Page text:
Thomas R. Nides, a former diplomat and Morgan Stanley executive, is set to join Wells Fargo as vice chairman next month, the bank announced Friday.
Nides will report directly to CEO Charlie Scharf and join the lender’s operating committee. He will advise the company’s senior management on banking and management issues and work with leadership on ways to expand client relationships, according to a statement from the bank.
A former U.S. ambassador to Israel, Nides spent two years there before stepping down from his post in July.
“I am excited to join Wells Fargo at this pivotal time in the company’s transformation journey,” Nides said in a statement. “I look forward to working with the team to expand our products and services in new and exciting ways, and deepening our relationships with customers, government officials and the people we serve in our communities.”
Nides’ appointment comes as Wells continues to deal with numerous regulatory issues. He replaces William Daley, another Washington and Wall Street vet, who is retiring at the end of the year.
Before joining Wells in 2019, Daley was an executive at BNY Mellon. He worked as secretary of commerce under President Bill Clinton and White House chief of staff under President Barack Obama.
Nides served as chief of staff to the U.S. Trade Representative and was a senior adviser to then-House Speaker Tom Foley and to House Majority Whip Tony Coelho, according to his government profile.
He worked as the chief administrative officer at Credit Suisse for three years before joining Morgan Stanley as chief operating officer in 2005.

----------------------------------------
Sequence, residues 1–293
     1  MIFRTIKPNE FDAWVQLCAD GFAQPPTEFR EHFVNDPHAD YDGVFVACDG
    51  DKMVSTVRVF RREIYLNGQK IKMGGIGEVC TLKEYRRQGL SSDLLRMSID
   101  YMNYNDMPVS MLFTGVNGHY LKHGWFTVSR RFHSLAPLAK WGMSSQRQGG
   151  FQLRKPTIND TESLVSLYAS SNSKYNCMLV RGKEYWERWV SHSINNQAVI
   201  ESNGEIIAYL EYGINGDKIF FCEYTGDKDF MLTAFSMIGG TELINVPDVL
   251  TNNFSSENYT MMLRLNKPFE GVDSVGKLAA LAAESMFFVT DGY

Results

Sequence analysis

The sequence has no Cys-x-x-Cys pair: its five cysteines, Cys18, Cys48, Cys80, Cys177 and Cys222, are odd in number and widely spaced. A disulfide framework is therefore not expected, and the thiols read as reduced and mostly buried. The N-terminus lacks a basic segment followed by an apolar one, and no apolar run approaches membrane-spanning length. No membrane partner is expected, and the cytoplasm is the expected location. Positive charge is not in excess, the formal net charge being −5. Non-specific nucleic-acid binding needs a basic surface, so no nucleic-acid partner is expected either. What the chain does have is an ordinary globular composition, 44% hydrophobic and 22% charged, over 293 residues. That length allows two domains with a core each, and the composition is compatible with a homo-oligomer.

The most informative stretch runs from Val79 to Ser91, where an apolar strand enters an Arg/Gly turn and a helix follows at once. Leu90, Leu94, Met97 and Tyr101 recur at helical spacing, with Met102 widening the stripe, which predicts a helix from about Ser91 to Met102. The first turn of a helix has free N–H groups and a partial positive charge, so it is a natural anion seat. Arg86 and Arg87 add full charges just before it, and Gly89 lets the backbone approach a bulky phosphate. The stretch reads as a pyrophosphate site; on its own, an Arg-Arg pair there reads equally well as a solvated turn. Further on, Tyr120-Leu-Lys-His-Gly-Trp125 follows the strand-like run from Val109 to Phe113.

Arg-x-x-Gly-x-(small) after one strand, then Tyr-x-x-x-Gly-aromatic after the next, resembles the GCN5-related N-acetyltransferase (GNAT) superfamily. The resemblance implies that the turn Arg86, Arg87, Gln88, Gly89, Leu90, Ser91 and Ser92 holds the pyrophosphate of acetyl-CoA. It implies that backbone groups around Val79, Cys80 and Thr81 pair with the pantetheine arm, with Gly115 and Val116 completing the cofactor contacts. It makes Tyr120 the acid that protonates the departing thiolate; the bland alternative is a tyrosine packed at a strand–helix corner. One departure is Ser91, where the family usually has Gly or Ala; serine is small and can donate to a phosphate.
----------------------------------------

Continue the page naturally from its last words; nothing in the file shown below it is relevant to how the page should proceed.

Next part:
He was tapped by the Obama administration in 2011 as deputy secretary of state for management and resources. He returned to Morgan Stanley as vice chairman before President Joe Biden appointed him the U.S. ambassador to Israel.
Nides also served as the senior vice president of Fannie Mae in Washington from 1998 to 2001.
Nides had contemplated returning to work for a major bank or moving to a large asset management firm or M&A boutique. He ultimately chose Wells Fargo because he saw the bank’s potential to recover from its long-standing issues, a person familiar with his thoughts told Bloomberg.
“The breadth of Tom’s experience across the public and private sectors will be an important asset to Wells Fargo as we continue to move the company ahead,” Scharf said in a statement. “The success of our transformation depends not only on the changes we make inside Wells Fargo, but on how we work with our stakeholders to bring those changes to life. Tom will be instrumental to that work.”